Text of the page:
Leonardo da Vinci’s Last Supper (c. 1495) is one of the most readily recognized and reproduced images in the world. Yet as commonplace as the scene has become, artists are still finding ways to make it new—by experimenting with different mediums, for example.
Here are ten playful renditions of The Last Supper, most of which were created in the last two decades. All save one are compositional copies of Leonardo’s version, but instead of tempera, these artists used basic foods, household items, toys, or the walls of their workplace to create their masterpieces.
I’ve tried to order them from earliest to most recent, though some guesswork was involved, as not all of them are dated.
10. Out of rock salt
Photo credit: Wikimedia Commons
This bas-relief is located in the Chapel of Saint Kinga, a place of worship located 330 feet underground in the Wieliczka Salt Mine in Poland. Excavation for this 10,400-square-foot chamber started in 1896 and continued until 1963 and was the work of three individual miners (Antoni Wyrodek and brothers Józef and Tomasz Markowski), who did it all in their spare time.
Not only are the wall decorations carved from salt—the entire chapel is, too: floor, ceiling, altar, statues, and even the chandeliers! The chapel is named after the patron saint of Poland, a thirteenth-century Hungarian woman who married a Polish prince, after whose death she gave away all her money and possessions to the poor and joined the Poor Clares.
The same three men who excavated the space also created the art inside. Wyrodek’s Last Supper is only one of several wall carvings in the chapel depicting the life of Christ. I love how the livelihood of these men was mining, and yet God used them in that secular vocation to create a thing of physical and spiritual beauty, a place where they and their coworkers could take a break from their labor to pay private devotion to God.
The Wieliczka Salt Mine is now a UNESCO World Heritage Site and is visited by over a million people each year. To view more photos of the mine art or to learn more about its history, visit its tourist site. There are also some good photos here and here.
9. Out of postage stamps
I couldn’t find any information about this one. It’s possible that the artist is James Butman of Springfield, Mass., since I know that some of his stamp art has been acquired by Ripley’s, but I’m not positive. From the looks of the detail image, there were definitely other materials used to create color and shape besides just stamps. I see also that the stamps are Belgian, but I’m not sure who the depicted figures are, or whether they bear any significance to the work’s meaning. I would assume that they’re intentional, but what associations they have to the Last Supper I don’t know. Or maybe they were just used because they’re monochromatic. Any ideas?
8. Out of toast
Jesus’ face on toast is nothing new—but a 280-piece toast canvas certainly is. This choice of medium (bread) is a fitting one for the Last Supper, seeing as Christians all over the world commemorate the event by partaking of bread together, which Christ said represents his body which is broken for us. Although the artist probably meant the piece partly as a joke, poking fun at all the Jesus sightings in food that happen the world over, he or she probably also had in mind the biblical association of bread with the sacrament of the Eucharist, and with life itself.
In terms of the creation process, the artist most likely used stencils and a blowtorch to create varying shades of light and dark on the bread slices.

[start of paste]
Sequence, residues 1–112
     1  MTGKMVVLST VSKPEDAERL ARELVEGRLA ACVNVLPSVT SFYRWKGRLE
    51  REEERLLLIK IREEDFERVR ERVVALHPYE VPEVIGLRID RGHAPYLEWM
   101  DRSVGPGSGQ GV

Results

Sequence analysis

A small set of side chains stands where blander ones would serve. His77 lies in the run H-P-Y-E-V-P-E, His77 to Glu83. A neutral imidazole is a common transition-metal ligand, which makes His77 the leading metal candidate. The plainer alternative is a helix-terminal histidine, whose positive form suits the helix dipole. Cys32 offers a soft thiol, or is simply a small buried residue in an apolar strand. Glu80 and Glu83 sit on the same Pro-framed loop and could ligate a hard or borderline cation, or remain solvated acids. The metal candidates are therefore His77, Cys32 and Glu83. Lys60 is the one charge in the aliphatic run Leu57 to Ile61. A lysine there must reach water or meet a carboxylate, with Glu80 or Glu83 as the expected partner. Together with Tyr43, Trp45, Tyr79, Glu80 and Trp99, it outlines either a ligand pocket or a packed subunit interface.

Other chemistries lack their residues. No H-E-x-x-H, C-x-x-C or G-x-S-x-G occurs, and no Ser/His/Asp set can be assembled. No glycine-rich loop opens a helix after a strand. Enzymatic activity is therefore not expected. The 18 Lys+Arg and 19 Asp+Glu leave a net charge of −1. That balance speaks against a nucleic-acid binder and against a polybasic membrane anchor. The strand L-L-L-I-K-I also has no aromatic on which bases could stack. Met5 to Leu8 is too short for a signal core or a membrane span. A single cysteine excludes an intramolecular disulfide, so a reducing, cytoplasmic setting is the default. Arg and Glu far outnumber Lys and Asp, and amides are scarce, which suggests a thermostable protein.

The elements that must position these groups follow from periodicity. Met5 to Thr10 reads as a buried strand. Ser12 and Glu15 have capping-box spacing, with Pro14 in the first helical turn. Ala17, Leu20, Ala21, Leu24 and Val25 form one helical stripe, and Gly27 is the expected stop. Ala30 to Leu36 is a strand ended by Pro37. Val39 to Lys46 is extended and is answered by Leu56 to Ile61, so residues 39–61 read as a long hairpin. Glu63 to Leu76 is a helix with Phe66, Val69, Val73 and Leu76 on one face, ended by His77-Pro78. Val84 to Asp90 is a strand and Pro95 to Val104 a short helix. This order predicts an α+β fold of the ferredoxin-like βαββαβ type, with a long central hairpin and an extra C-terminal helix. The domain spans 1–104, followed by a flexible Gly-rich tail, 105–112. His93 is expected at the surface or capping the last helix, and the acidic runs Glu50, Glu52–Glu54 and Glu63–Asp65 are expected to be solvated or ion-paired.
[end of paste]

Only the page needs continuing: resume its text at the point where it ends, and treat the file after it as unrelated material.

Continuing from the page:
7. Out of chocolate sauce
Photo credit: pearlalbino.com
New York-based Brazilian artist Vik Muniz has been working in unconventional mediums—dust, sugar, caviar, diamonds, trash, spaghetti, etc.—since the 1980s. He’s interested in “the art of illusion.” When people view his art, he says, there’s usually an initial moment of recognition (of a familiar face or artwork), and then there’s a focusing in to see what it is actually making up the picture. In the case of The Last Supper, that’s Bosco chocolate syrup.
Like a lot of modern artists, Muniz likes to draw more attention to the process of creating than to the actual final product: “I don’t want people to simply see a representation of something. I want them to feel how it happens. The moment of that embodiment is what I consider a spiritual experience.”
Other pieces in his Pictures of Chocolate series include The Reader (after Fragonard), The Kiss (after Rodin), The Raft of the Medusa (after Gericault), Action Photo (after the 1950 Jackson Pollock photo by Hans Namuth), a portrait of Freud, and many more.
This series is lighter in tone than his other more socially conscious pieces whose themes beg serious consideration. For example, in 1996, on a visit to St. Kitts, he photographed some Caribbean children whose parents worked on sugar plantations. He noticed how happily and freely they played on the beaches, while their parents were so weary and bitter because of the backbreaking labor they had had to endure for so long, and for such a meager salary. Muniz was heartbroken by the realization that the parents’ lot would soon become the children’s. When Muniz returned to the New York, he created portraits based on the photos he took by arranging sugar on black paper. He called the series “Sugar Children.” It depicts the irony that it is sugar that will take the sweetness out of the children in St. Kitts.
Muniz also calls attention to poverty and suffering through his 2008 Pictures of Garbage series, in which traveled to Brazil to photograph catadores (government-paid garbage pickers) as Renaissance Madonnas, sowers (Jean Francois Millet), or Marat dead in the bathtub (Jacques Louis-David), posing among plastic bottles, toilet seats, and broken car parts. “What I want to be able to do is to change the lives of people with the same materials they deal with every day,” he says.
His work is amazing and well worth checking out: VikMuniz.net.
6. Out of butter
Photo credit: Lane Kennedy / Corbis, via The Daily Beast
OK, so this one’s not based on Leo’s painting, but I thought I’d include it anyway, since it definitely fits the bill for uniqueness. Norma “Duffy” Lyon, who passed away this June at age 81, had created butter sculptures for the Iowa State Fair for almost 50 years. She was best known for depicting cows—a different breed each year—but she would sometimes attempt human portraits—of Obama, John Wayne, and Tiger Woods, for example. The Last Supper was by far her largest and most ambitious work.